like Tys said the mAh rating on lipo's mean next to nothing when it comes to trigger response - that's the voltage that counts and higher voltage will push the motor with more ease...for example - I had an indoor rated P90 firing nice and snappy with a 7.4v lipo but when I put that in my outdoor P90 shooting 430 it wouldn't push it whereas the 11.1v lipo more than happily powered it. also I dont think it has been said but the main reason lipo's are seen as dangerous is that they can speed up the rotations inside the guns etc and that increwases ur wear and yes it will break down more quickly - but with a normal battery this may also happen - it'll just take longer as the motor isn't cycling as fast.
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Last edited by CJay; March 8th, 2010 at 19:48..
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Old March 8th, 2010, 19:45   #5
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I wrote this so I wouldn't get asked....

7.4v/4400mAh/???C rating....probably in the 35C range (so 154A on tap)...I'll bet it'll be a sweet screamer.

I'd check the motor engagement first with a lower powered batt when you're setting it up...get it in the sweet spot first...then go for it. Some guys swap off the pinion gear from Magnums....I've never had one fail, but I guess others have.
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Old March 8th, 2010, 20:04   #6
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My 2 cents.

I have yet to see a stock gun that can run an 11.1v lipo reliably for long. 2 of the supposedly lipo-ready KWA m4s blew their boxes in no time at our field. Not even a summer's worth.
If you want to run lipo, you need a tough box perfectly assembled.
It puts a lot of strain on gears, pistons and cylinder heads.

Before putting both my guns on 11.1 lipo I added sorbo pads, double o-ring cyl heads, sorbo piston heads, sector gear clips(otherwise you probably wont be able to load bbs)
Titanium tooth pistons, metal bearing spring guides, solid metal bushings, stronger anti-reverse spring and a perfect shim job.
A box moving that fast also has alot of vibration within the shell. Proper body/shell fit will increase the life of your box.
V3 is stronger than V2 and better suited to lipo.

With this setup I have run my guns for over a year with only 1 issue. That is arcing.

On my mp5k, the lipo causes arcing between the trigger contact and blades. This scorches them and builds up a residue that will eventually stop it from working. Need to strip it and clean the contacts every few months. This has only happened on one gun. My other has no arcing. Don't know why.
This can be fixed with a mosfet.

Also remember that regular mini connectors(tamiyas) limit the amount of juice so your 11.1 won't be super efficient until you upgrade wiring and go to deans connectors.

The short answer is that if you can't build a gun(or aren't friends with a very generous gun doc) you probably should avoid lipo and stick to 9.6v regular batteries.

If you build a gun to handle it, it is awesome. Instant trigger response, great rof, I have never run our of juice and the cold doesn't seem to affect them as badly.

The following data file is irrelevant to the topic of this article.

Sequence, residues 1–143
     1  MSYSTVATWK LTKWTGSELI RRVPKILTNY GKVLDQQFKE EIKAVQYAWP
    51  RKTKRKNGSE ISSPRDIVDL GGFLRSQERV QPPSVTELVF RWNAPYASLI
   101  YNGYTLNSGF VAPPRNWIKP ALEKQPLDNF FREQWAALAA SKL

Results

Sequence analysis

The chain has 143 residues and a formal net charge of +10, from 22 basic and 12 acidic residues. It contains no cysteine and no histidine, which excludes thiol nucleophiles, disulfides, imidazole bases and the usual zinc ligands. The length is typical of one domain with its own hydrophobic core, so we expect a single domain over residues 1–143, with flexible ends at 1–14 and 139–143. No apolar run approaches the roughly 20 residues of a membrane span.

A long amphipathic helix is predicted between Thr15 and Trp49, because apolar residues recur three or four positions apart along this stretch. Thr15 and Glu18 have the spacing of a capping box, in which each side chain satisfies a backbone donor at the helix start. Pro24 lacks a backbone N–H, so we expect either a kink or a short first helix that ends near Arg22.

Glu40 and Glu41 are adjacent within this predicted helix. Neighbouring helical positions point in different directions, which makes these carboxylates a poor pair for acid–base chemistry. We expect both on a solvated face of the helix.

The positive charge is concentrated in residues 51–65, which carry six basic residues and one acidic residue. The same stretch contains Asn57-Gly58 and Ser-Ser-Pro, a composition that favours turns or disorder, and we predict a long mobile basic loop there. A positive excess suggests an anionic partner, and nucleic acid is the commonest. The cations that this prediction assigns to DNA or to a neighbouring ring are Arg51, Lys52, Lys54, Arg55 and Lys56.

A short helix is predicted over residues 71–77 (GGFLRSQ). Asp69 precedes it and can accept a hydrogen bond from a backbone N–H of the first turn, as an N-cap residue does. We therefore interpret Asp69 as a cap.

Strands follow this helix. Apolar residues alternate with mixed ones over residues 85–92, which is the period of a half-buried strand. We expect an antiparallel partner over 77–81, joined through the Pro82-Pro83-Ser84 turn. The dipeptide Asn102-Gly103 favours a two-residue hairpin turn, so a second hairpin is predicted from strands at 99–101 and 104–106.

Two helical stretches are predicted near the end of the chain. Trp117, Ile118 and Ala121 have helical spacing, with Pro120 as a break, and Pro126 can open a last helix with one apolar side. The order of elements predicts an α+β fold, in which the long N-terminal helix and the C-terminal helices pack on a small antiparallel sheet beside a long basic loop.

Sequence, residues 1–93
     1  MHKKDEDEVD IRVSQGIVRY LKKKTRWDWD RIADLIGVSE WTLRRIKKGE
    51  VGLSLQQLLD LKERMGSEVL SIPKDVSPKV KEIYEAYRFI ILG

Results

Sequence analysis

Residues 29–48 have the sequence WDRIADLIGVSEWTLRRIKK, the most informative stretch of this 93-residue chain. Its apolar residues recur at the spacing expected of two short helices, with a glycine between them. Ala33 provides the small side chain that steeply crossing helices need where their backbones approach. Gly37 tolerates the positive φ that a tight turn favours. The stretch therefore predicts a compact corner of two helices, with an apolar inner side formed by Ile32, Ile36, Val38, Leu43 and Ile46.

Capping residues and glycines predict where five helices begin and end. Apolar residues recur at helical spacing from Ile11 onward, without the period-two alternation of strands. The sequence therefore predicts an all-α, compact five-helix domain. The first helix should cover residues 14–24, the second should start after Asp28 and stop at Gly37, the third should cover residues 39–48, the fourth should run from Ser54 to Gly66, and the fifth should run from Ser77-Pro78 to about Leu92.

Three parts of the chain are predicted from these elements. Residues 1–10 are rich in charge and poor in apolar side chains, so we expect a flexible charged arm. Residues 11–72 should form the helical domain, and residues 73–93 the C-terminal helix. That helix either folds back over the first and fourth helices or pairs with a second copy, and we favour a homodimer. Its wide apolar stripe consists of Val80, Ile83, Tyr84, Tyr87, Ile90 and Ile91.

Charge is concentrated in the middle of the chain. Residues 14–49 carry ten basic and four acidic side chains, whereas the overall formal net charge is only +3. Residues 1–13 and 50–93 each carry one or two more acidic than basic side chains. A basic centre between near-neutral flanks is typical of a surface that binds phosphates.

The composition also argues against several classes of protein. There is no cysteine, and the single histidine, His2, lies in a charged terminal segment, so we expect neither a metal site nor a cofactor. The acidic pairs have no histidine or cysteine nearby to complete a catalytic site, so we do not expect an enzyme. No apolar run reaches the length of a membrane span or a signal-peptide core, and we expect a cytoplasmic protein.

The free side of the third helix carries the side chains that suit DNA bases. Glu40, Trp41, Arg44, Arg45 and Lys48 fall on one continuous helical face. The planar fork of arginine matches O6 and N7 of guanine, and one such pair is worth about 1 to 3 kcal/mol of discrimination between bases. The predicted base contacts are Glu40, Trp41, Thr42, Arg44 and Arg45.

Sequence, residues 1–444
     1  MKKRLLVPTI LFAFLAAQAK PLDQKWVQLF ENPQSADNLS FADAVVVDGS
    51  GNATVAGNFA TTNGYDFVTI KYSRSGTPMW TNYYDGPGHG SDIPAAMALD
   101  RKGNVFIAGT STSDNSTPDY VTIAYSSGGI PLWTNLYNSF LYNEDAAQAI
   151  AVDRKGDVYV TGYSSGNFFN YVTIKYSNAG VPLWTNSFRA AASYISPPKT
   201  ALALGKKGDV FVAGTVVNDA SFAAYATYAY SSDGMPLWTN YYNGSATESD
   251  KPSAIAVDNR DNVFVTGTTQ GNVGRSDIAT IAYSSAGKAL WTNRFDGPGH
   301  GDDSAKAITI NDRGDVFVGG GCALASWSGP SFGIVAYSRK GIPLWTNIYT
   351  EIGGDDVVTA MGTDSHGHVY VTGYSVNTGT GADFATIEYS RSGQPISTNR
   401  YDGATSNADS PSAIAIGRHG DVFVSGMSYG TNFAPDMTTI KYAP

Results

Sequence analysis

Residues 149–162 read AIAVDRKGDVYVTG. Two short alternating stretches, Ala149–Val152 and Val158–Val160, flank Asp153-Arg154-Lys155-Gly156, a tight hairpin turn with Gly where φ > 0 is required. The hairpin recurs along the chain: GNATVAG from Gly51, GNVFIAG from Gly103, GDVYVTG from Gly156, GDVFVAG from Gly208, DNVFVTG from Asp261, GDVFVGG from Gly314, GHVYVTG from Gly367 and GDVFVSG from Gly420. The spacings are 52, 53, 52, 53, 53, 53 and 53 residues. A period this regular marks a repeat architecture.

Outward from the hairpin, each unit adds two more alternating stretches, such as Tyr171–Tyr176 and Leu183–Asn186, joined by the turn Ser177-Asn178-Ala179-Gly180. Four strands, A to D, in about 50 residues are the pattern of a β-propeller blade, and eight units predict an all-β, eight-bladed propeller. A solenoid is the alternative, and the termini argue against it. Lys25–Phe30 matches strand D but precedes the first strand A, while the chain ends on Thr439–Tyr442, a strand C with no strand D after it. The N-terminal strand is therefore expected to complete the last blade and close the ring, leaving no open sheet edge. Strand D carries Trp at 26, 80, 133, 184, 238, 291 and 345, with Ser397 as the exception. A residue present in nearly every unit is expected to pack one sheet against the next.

I have been using king arms stick and small pack in a peq. Can't recommend them enough. King arms rocks.
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Last edited by Schwag; March 8th, 2010 at 23:41..
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Old March 8th, 2010, 20:11   #7
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Quote:
Originally Posted by m102404 View Post
7.4v/4400mAh/???C rating....probably in the 35C range (so 154A on tap)...I'll bet it'll be a sweet screamer.
Forgot to mention its 20c.
http://shop.ehobbyasia.com/bb-batter...m-battery.html

used to run it on a 8.4v 3300Mah NIMH, but wanted a smaller buttstock on it.
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Old March 8th, 2010, 20:22   #8
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a 7.4v 20C will push 400fps no issue what so ever.
My M4 shoots 380 and it gets 1000rpm on a 7.4v 20C LiPo
The thing is, as long as your LiPo isn't rated UNDER your needed amperage, it really doesn't matter what the C rating is since your already pulling 100% of the amps your motor needs. It's not 'how much amperage is my battery giving me?', you have to think of it as 'how much amperage is my motor taking FROM my battery?'
So a 20C and 50C LiPo will give you the same ROF. But if you have a 10C and you need atleast 15C, your battery will go up in flames.

Things you REALLY should have for a 7.4v LiPo:
upgraded piston
upgraded wiring harness
deans connectors
MOSFET or SW-COMP and a PCB

Things you NEED for an 11.1v LiPo:
upgraded piston
upgraded wiring harness
deans connectors
MOSFET or SW-COMP + PCB (Don't use a triggermaster with an untuned magnum motor)
sorbo pad (for V2 mechboxes)
upgraded and shimmed gears
tuned motor (absolutely mandatory to tune those P.O.S. systema magnum motors)
upgraded tappet plate

The triggermaster SW-COMP allows you to slow down your motor speed (and therefore ROF), it comes in handy with 11.1v LiPo's not just for mechbox wear, but incase you have problems feeding at high ROF